Preserving a Visual Record of U.S. Defense History

USC Digital Repository

Defense Visual Information Records CenterThe Defense Media Activity (DMA) has awarded the USC Libraries’ Digital Repository a five-year contract to digitize a collection of media documenting more than 100 years of U.S. armed forces history. 

Once archival materials managed by the Defense Visual Information Records Center team in Riverside, California, are digitized by the USC Digital Repository and USC Digital Library, they will be made accessible online to the public via a portal at, in keeping with the mission of the DMA, Defense Visual Information (DVI), and the Defense Imagery Management Operations Center (DIMOC), a subsidiary of DVI. 

Photo from Defense Visual Information Records CenterUnder the terms of the contract, which is valued at $25 million, the expert team at the USC Digital Repository and the USC Digital Library will assist with the digital preservation of historic photographs, documents, audiovisual recordings, and visual media from all branches of the U.S. military services. 

“This collection represents more than a century of armed forces history that is essential to scholars of the military, politics, international relations, and so many other disciplines,” said Catherine Quinlan, dean of the USC Libraries. “It’s gratifying to apply the expertise and infrastructure of the USC Digital Repository to the important work of preserving these vital elements of the national historical record.”

The documentary materials managed by the DVIRC include early 1900s glass-plate negatives; WWI-era photographs of the American Expeditionary Forces; records from the Arlington National Cemetery; original Kodachrome photographs of prisoner exchanges during the Korean War; 16mm films showing U.S. Senator John McCain and other POWs returning to their families after the Vietnam War; and more recent imagery from the Department of Defense. 

The DVI lead archivist cited the specific challenges relating to many obsolete, legacy formats such as U-matic, Hi8, and Betacam videotapes from the 1980s and 1990s as well as items like 16mm magnetic audio reels and large-format aerial film. “There has been a gap in our collection’s subject matter due to these legacy formats that require unique preservation techniques before digitation,” she said. 

Among the documentary materials are items tracing the contributions of the U.S. Army Corps of Engineers (USACE) to countless U.S. disaster relief efforts and infrastructure projects. “We have partnered with the USACE to collect their entire visual domestic history,” said the DVI lead archivist. “Of note are before-and-after documentation of natural disasters such as Hurricane Katrina, Red River or Mississippi River flooding, tornado damage, and erosion studies, as well as general construction of infrastructure projects and geological work.”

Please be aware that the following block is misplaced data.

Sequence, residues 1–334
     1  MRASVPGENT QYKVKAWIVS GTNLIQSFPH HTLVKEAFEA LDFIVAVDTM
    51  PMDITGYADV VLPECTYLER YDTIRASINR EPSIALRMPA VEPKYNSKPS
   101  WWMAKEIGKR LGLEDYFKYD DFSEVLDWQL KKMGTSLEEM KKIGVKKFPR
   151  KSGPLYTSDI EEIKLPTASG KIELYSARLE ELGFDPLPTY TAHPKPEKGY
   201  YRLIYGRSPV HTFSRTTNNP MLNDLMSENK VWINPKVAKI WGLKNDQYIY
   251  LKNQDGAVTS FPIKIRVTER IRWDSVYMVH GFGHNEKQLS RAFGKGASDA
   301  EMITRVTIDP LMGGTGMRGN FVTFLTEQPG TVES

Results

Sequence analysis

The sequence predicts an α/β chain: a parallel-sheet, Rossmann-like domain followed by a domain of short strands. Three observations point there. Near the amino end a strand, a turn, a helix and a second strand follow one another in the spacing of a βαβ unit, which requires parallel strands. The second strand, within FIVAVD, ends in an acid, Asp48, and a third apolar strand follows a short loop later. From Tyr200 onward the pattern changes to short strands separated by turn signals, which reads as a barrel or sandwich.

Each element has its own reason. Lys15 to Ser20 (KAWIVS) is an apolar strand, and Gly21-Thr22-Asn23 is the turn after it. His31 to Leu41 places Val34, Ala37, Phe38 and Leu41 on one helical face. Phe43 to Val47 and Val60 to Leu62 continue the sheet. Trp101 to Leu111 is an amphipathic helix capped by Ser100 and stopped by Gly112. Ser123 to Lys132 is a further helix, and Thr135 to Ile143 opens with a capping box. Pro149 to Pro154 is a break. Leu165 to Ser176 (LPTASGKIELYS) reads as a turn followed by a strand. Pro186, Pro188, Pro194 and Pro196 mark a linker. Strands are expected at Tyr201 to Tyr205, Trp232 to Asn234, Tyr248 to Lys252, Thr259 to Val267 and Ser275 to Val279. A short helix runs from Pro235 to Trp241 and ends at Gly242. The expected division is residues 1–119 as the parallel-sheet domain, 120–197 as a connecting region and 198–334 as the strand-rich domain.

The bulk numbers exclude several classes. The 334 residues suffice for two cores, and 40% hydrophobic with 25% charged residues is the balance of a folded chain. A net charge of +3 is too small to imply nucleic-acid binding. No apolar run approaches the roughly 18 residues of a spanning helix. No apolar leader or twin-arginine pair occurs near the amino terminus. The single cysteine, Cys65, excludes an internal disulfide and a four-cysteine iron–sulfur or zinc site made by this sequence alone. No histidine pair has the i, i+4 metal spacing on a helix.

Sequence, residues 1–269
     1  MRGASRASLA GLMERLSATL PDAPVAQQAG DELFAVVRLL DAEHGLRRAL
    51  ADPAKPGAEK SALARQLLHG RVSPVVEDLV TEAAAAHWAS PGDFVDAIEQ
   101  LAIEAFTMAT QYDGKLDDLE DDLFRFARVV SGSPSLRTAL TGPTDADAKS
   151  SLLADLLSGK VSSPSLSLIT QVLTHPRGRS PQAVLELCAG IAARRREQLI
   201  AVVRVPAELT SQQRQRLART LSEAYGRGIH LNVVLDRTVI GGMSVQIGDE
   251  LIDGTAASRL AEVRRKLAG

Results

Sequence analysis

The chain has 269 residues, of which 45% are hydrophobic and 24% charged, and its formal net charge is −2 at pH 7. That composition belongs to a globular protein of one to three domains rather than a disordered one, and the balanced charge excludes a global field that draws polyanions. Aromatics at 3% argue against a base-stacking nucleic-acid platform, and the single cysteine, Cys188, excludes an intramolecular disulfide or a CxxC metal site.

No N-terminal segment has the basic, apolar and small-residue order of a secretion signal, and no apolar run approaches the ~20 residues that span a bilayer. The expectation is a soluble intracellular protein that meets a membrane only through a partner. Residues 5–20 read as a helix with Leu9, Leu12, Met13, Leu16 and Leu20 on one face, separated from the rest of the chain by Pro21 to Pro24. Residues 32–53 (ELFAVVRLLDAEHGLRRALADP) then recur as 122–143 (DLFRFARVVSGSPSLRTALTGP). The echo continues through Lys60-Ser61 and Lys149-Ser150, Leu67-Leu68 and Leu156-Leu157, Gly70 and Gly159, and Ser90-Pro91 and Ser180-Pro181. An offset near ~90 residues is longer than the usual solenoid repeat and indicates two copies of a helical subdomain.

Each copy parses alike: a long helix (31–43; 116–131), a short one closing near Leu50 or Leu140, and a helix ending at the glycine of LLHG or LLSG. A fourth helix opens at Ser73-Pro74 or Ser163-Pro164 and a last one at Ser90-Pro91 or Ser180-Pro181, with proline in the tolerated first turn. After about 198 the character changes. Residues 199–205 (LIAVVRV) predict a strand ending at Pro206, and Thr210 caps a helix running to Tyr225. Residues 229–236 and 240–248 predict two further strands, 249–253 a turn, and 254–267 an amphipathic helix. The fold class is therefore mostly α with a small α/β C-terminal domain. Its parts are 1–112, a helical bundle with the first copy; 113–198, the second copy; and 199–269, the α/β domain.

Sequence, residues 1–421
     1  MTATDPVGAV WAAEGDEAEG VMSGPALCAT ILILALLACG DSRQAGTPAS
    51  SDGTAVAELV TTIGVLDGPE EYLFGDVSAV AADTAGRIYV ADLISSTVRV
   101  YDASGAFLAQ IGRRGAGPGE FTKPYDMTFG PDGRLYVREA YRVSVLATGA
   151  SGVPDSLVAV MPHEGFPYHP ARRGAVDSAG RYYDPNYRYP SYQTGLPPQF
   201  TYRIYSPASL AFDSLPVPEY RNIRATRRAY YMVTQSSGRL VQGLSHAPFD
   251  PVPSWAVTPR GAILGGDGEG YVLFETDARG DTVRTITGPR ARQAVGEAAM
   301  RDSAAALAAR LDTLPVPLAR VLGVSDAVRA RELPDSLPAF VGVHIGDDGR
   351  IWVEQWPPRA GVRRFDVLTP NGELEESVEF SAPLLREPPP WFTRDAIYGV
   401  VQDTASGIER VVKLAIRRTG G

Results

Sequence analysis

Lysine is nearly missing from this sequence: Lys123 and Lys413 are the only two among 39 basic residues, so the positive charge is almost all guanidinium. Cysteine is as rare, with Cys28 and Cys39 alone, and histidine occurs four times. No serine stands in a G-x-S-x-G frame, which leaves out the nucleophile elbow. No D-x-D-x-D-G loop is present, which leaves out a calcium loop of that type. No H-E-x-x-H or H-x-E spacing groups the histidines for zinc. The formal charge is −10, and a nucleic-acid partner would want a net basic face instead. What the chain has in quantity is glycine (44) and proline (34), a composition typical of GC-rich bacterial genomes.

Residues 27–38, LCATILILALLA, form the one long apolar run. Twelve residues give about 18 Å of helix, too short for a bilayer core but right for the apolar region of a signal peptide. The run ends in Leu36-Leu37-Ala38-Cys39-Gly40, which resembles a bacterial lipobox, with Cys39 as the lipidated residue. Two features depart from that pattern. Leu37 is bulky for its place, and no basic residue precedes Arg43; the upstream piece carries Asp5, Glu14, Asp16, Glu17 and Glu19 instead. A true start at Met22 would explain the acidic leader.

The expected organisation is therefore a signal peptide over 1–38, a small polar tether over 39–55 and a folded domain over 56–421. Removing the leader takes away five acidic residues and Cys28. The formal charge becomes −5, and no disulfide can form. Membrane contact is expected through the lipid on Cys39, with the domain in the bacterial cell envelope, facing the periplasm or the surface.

“The National Archives and Records Administration, to whom we transfer our analog and digital copy, have only parts of this collection from USACE,” she continued. “Our digitization efforts make the content more accessible for continued use by not just these customers, but the general public, media, and historians.”

Defense Visual Information Records Center

The DVIRC team includes veterans, photographers, and photojournalists from several branches of the U.S. armed services. The group launched an intensive push to digitize these important historical records in 2013. 

Barbara Burfeind, the director of the Defense Imagery Management Operations Center (DIMOC), commented about the contract and the acceleration of the DVIRC digitization effort in an article by Thomas Ruyle for the October 2018 issue of the quarterly DIMOC newsletter, Eye on VI.

“Without this effort,” Burfeind said, “DoD would risk losing historic visual information on various formats due to the deterioration of the physical media, and the lack of playback equipment. Very little of this imagery would ever be viewed without this effort to digitize the physical media.” 

“Our VI Records Center team has worked diligently to apply what we’ve learned about digitization and increase our throughput with this new contract,” she said.

The USC Digital Repository will work closely with the DVIRC team to digitize still and motion media. Led by USCDR executive director and USC Libraries associate dean Sam Gustman, and USCDR operations manager and USC Libraries IT director Linda Truong, the USC team includes Marie Barraza, Shiraz Bhathena, Mills Chang, Ryan Fenton-Strauss, and Will McCown of the USCDR and Deborah Holmes-Wong, Giao Luong Baker, and Louise Smith of the USC Digital Library. 

Smith’s connection to the historical legacies documented in the collection is a personal one. A 2016 graduate of USC’s Master of Management in Library and Information Science (MMLIS) program, she first developed her interest in digital preservation while digitizing photographs taken by her father, a former U.S. Army Green Beret during the Vietnam War. 

"Digitizing my father's slides from his service helped to connect me to his experience," said Smith. "I feel better knowing that the record of his experience is preserved for the future, and the photos give me a much better idea of who my dad was at my age." 

Housed at the USC Libraries, the USC Digital Repository is a collaborative effort between the libraries, the USC Shoah Foundation Institute, and USC’s Information Technology Services. It is built upon the hardware and software developed by the Shoah Foundation to digitize and preserve in perpetuity the video testimonies of 52,000 survivors and witnesses of the Holocaust and other genocides. 

Defense Visual Information Records Center